The Waterbirth

What exactly is a water birth?

During a water birth in the narrower sense, the woman giving birth spends the time from the opening to the expulsion period in a childbearing basin - the actual birth therefore takes place under water. But that is only the case with very few births. Often water birth means that the expectant mother spends the labor and the ejection phase ""on land"" and only the actual birth takes place in the water (Steck et al 2007).

Actually no water birth is when a pregnant woman spends part of the opening phase in the birthing pool to relieve pain. But that too is often referred to as water birth - and the benefits of it are undoubtedly explored, as opposed to the effects of a ""real"" water birth. Science is still in its infancy here, as the water birth itself is a relatively new invention, while the opening phase in water is significantly older.

If you are planning to have a waterbirth as a pregnant woman, then you should start looking for a birth house or clinic at an early stage, which offers this opportunity and has enough experience with it.

Is a water birth harmless?

There are only a few studies on this topic. These state that, in the case of pregnancy without complications, giving birth to a baby and mother is as dangerous as giving birth ""on the dry land"" (Eriksson 1997, Gilbert & Tookey ). However, only the benefits of the opening phase (labor) in a birth basin are really explored (Alderdice et al., 1995). There is no evidence against the pros and cons of a ""real"" water birth (Cluett et al., 2004).

Some physicians, midwives and expectant parents fear that the mother and / or baby may be infected with an infection in the birthing basin - but this has not been scientifically proven (Garland 2000) and strict hospital and birth house rules apply. You can be sure that the birth basin has been thoroughly cleaned and disinfected before you get into the tub (DGKH 2002).

What are the benefits of a water birth?

Shorter labor . Some studies show that the opening period in the water is shorter (Garland & Jones 1994), but others (Nicodem 2003) do not confirm this.

less pain . Two large studies (Geissbuhler & Eberhard 2000, Rosenthal 1996) have shown that a birth basin drastically reduces the use of painkillers during childbirth. Preterm children had an epidural anesthetic much less frequently than usual when they were in labor in a birthing pool.This was also confirmed for women with a follow-up pregnancy. However, a study is missing, which also proves this for the birth in the pelvis itself.

Less dam cuts and tears . Some studies show that a water birth (or an opening phase in the water) reduces the risk of a dam rupture and a cut of the perineum (Burns 2001).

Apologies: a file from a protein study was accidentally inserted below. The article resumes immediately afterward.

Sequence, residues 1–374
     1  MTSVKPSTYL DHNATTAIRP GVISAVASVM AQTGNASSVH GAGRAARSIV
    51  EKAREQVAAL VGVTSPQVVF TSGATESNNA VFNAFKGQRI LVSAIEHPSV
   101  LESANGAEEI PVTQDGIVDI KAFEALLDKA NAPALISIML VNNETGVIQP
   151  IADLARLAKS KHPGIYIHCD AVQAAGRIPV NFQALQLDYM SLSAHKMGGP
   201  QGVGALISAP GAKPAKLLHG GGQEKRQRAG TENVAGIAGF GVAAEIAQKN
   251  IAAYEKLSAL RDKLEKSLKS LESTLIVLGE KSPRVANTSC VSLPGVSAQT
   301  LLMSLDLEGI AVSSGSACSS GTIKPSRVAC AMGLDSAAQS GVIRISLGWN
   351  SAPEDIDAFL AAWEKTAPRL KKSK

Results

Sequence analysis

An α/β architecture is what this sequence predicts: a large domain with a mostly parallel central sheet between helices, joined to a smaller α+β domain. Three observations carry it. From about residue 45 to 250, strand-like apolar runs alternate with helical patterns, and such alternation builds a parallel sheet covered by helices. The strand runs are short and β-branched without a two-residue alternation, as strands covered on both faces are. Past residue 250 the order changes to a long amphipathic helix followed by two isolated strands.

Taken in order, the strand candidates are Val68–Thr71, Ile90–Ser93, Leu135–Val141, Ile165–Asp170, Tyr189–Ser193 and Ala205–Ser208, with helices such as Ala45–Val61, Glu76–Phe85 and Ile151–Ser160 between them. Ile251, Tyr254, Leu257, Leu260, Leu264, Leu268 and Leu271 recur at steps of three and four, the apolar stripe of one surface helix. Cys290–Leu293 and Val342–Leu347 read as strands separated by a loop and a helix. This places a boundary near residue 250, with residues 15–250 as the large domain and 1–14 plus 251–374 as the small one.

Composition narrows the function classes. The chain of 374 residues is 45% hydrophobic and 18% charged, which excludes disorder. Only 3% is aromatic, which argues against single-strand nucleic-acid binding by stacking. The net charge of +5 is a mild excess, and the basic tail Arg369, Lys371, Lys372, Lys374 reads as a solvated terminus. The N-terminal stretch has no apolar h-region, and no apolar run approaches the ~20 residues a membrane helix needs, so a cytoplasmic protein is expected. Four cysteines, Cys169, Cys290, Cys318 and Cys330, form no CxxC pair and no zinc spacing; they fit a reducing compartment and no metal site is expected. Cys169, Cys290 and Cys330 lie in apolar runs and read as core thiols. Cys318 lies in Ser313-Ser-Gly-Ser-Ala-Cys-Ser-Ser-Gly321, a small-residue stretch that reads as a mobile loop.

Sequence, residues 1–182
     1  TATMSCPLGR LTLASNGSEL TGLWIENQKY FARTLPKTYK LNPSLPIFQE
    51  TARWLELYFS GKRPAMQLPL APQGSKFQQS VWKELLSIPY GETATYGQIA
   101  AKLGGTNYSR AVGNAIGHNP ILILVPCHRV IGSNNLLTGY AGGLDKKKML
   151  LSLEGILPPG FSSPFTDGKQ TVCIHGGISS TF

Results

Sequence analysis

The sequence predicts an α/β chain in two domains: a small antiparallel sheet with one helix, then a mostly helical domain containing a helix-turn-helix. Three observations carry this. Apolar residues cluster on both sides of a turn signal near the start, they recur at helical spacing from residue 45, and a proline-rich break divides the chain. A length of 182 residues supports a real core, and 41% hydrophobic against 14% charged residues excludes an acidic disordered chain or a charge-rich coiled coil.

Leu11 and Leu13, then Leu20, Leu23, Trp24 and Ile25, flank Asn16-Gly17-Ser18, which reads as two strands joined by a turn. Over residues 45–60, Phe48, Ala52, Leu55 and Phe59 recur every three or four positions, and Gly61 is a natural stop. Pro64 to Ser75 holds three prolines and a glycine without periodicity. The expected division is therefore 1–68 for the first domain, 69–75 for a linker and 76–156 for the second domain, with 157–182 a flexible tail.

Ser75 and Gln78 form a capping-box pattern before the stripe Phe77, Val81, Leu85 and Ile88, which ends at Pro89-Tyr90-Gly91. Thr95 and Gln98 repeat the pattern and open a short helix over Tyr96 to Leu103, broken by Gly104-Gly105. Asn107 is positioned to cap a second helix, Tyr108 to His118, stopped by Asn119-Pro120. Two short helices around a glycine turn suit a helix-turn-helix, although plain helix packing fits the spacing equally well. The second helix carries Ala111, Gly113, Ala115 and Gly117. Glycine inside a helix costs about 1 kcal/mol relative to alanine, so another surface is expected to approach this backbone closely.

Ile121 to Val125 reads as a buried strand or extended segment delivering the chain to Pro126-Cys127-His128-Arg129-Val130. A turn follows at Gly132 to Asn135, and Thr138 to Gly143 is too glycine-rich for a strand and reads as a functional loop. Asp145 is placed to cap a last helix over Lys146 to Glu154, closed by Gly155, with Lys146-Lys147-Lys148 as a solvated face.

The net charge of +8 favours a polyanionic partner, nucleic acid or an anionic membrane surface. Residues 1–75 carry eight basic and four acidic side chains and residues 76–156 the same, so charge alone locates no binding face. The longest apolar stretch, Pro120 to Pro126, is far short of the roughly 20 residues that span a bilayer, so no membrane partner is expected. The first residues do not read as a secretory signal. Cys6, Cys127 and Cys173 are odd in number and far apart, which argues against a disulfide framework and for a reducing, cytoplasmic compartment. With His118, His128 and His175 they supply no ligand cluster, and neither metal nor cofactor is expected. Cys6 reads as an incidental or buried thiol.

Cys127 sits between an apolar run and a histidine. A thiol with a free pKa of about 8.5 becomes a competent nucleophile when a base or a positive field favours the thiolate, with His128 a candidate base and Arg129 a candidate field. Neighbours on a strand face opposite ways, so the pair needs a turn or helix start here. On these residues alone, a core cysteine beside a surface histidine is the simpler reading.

Greater freedom of movement . The woman giving birth can flow back and forth between different birth positions, which can mean greater relaxation and thus better birth progress.

Not to mention the benefits for the child: a smoother transition from the amniotic fluid into the water at a constant temperature and a completion of the rotation that it begins in the birth canal is possible.

But with all these benefits, one should not forget that the quoted studies have their limitations. What was not taken into consideration is that the women in these studies are likely to have received a great deal of support from the midwives - and it has been proven many times that such support and help with childbirth can make a big difference (eg, Klaus et al., 1986; Hodnett 2003) - in the form of shorter labor and fewer analgesics.

Who can have a waterbirth?

As a prerequisite for a water birth in Germany, you had a risk-free pregnancy, which is also documented in your fully completed passport:

  • the child must be fully mature (week 37 and later) and have developed normally < They did not have any bleeding in late pregnancy. They did not have pre-existing conditions like diabetes mellitus or infections like HIV or hepatitis B. They did not have severe infections in pregnancy. They do not expect multiple births not in breech position
  • (Steck et al 2007, DGKH 2002)
  • How do I plan a water birth in the clinic?
  • First, you need to decide if you really want a water birth, or if you just want to spend the opening phase (or parts of it) in the water. The latter is now also possible in many clinics, opportunities for ""real"" water birth are rare and only rarely are pregnant women encouraged to do so. Talk to your midwife or gynecologist and inquire at the clinics in the area. The following questions will help you understand how much experience a water-born clinic has: